This interesting fellow is a spiny lobster. He’s probably the largest lobster I’ve ever seen.
There are a couple things that set a spiny lobster apart from true lobsters. First, they spiny lobsters have very long antennae- this lobster’s antennae were probably two feet across. The antennae are sometimes used as a defense. The lobster rubs the antennae against a hard surface to create a rasping sound which apparently sounds like Air Supply because the predators can’t stand the sound.
Another difference between spiny lobsters and true lobsters is that spiny lobsters don’t have the large claws associated with true lobsters. In fact, they don’t usually have claws at all. Despite not having the large, and tasty, claws associated with true lobsters, spiny lobsters are still a popular food source. The spiny lobster industry in Vietnam is a major source of revenue and spiny lobster are the largest food export of the Bahamas.
We recently paid a visit to the North Carolina Aquarium at Fort Fisher. It’s a nice aquarium with a focus on animals that inhabit the North Carolina coastal region but they do have a few non-native species.
This photo is of a moray eel doing what moray eels do- lying in wait to ambush a passing fish. Morays have very small eyes and cannot see well, so they depend on their sense of smell to tell them when a potential meal is approaching.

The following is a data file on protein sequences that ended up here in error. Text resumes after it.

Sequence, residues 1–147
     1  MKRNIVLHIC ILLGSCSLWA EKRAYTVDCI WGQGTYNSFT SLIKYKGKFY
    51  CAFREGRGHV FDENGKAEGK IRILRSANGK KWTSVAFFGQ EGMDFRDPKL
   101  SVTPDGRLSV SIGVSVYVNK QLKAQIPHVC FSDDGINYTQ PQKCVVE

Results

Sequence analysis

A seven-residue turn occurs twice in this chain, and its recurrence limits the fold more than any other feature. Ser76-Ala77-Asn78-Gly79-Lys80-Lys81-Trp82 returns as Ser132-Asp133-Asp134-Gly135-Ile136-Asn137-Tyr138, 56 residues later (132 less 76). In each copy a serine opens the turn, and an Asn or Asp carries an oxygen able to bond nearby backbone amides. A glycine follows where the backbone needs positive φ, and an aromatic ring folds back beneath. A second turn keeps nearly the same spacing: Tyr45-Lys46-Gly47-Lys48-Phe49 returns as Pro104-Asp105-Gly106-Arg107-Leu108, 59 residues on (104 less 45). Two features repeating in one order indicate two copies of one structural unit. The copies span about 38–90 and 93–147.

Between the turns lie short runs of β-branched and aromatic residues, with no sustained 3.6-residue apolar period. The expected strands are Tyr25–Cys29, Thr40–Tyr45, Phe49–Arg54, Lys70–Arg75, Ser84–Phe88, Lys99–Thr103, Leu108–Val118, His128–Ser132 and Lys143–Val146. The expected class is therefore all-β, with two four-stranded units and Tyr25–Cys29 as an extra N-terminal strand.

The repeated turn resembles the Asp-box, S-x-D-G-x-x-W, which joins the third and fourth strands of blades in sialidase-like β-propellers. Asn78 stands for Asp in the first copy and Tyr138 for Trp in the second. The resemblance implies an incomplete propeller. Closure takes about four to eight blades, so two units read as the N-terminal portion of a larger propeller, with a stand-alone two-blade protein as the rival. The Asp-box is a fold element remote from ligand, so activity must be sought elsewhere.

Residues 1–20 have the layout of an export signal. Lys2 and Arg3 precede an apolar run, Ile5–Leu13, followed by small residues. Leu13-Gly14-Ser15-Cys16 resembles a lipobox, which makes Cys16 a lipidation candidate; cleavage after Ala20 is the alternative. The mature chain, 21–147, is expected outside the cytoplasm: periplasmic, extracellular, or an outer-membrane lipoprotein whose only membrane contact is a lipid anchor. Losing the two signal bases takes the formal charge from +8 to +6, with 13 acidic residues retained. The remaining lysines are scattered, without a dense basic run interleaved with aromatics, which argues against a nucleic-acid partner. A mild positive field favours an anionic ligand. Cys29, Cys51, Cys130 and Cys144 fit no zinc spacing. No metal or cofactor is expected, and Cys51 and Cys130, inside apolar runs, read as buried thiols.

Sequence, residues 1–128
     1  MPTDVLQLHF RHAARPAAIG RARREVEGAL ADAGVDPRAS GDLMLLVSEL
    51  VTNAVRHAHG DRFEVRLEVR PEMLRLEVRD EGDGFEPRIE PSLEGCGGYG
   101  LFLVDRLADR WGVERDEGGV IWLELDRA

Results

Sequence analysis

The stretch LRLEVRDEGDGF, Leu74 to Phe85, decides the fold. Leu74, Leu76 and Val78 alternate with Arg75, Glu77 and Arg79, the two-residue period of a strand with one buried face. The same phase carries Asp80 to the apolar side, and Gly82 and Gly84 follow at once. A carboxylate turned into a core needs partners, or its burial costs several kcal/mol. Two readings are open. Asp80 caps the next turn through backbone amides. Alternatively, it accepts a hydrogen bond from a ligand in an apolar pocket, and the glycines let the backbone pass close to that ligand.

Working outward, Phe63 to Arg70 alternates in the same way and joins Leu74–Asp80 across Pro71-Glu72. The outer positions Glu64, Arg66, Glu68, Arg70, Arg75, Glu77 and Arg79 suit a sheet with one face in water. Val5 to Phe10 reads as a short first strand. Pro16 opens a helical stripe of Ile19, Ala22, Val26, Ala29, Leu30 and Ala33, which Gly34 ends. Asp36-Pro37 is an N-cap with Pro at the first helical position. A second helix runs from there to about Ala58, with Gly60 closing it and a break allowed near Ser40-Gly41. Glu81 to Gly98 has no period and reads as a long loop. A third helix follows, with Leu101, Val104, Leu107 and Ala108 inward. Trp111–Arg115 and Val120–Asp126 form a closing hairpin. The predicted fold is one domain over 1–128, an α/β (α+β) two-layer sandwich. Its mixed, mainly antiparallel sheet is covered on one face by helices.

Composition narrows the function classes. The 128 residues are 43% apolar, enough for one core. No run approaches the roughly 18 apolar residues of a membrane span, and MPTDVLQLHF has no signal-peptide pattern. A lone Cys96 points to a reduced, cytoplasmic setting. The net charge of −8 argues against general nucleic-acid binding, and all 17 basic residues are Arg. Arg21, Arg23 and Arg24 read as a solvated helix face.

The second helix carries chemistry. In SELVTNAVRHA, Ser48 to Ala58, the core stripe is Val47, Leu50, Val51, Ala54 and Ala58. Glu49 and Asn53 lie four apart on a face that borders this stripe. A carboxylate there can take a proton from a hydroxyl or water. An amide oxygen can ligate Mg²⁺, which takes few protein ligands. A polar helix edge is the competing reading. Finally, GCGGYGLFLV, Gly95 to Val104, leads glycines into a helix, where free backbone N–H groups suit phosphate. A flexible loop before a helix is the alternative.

One interesting thing about moray eels is they sometimes team with roving coral groupers to help them hunt. The eels can flush small prey from niches and crevices where the larger groupers can’t go.
There are two things that the North Carolina Aquarium at Fort Fisher does well. The first is educate people about the various kinds of animals- land, sea and air- that inhabit North Carolina’s coastal region. The second thing they do well is educate people about the effects of pollution, especially trash and chemicals, on the wildlife.
Meet Plastic Maverick. This sculpture, by teen volunteer Adilene Trujillo Garcia, is made entirely out of trash found on the local beach during beach sweeps and cleanups. The feathers are made of discarded plastic water bottles and cigarette butts. Plastic Maverick is also entangled in plastic twine and is surrounded by trash.
There’s been a lot of news lately about plastic found in the stomachs of whales and about animals who have become entangled in discarded trash. The stories and videos are quite heartbreaking but usually end well, with a passing human saving the animal. Here’s the deal, though. For each of these videos or stories that end well, there are many more where the animal isn’t so lucky.
We can help by NOT discarding of our trash on the beach, the river or the woods, but holding onto it until we have access to trash can. Also, you can opt for paper bags rather than plastic or, even better, you can use a reusable cloth bag.
When I was a child, the Bald Eagle was virtually extinct. Conservation efforts have brought this magnificent bird back from the brink and we now have the opportunity to see the bird outside of zoos. I’ve seen several in North Carolina and Virginia over the last few years and it’s always a thrill. I would urge you to help in the conservation and protection of all wildlife by not polluting their environment.
Now, for those interested, here’s the real Maverick. He was found injured alongside a Wisconsin road in 2013. Despite medical attention and rehabilitation, Maverick’s wing was too badly damaged and he would never fly again. He found a permanent home at the aquarium and is a great ambassador for wildlife conservation. He’s about six years old.
Quite handsome, isn’t he?